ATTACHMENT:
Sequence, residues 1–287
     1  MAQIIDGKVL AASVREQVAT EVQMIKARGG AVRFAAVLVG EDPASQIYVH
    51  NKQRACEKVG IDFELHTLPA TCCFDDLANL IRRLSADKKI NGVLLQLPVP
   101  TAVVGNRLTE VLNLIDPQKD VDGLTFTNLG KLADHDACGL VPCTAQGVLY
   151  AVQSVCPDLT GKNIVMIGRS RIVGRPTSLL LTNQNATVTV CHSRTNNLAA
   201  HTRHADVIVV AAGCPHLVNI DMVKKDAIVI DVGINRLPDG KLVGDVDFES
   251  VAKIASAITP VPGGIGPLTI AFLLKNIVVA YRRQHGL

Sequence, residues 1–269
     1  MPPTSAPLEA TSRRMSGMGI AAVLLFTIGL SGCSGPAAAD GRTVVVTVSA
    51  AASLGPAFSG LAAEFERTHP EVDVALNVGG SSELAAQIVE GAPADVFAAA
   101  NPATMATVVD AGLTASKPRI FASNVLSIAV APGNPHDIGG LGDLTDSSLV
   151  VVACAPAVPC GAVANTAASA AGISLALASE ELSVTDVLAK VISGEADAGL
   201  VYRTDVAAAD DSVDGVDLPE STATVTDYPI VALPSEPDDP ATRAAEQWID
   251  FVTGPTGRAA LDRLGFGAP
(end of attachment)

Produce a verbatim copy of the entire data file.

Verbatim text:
Sequence, residues 1–287
     1  MAQIIDGKVL AASVREQVAT EVQMIKARGG AVRFAAVLVG EDPASQIYVH
    51  NKQRACEKVG IDFELHTLPA TCCFDDLANL IRRLSADKKI NGVLLQLPVP
   101  TAVVGNRLTE VLNLIDPQKD VDGLTFTNLG KLADHDACGL VPCTAQGVLY
   151  AVQSVCPDLT GKNIVMIGRS RIVGRPTSLL LTNQNATVTV CHSRTNNLAA
   201  HTRHADVIVV AAGCPHLVNI DMVKKDAIVI DVGINRLPDG KLVGDVDFES
   251  VAKIASAITP VPGGIGPLTI AFLLKNIVVA YRRQHGL

Sequence, residues 1–269
     1  MPPTSAPLEA TSRRMSGMGI AAVLLFTIGL SGCSGPAAAD GRTVVVTVSA
    51  AASLGPAFSG LAAEFERTHP EVDVALNVGG SSELAAQIVE GAPADVFAAA
   101  NPATMATVVD AGLTASKPRI FASNVLSIAV APGNPHDIGG LGDLTDSSLV
   151  VVACAPAVPC GAVANTAASA AGISLALASE ELSVTDVLAK VISGEADAGL
   201  VYRTDVAAAD DSVDGVDLPE STATVTDYPI VALPSEPDDP ATRAAEQWID
   251  FVTGPTGRAA LDRLGFGAP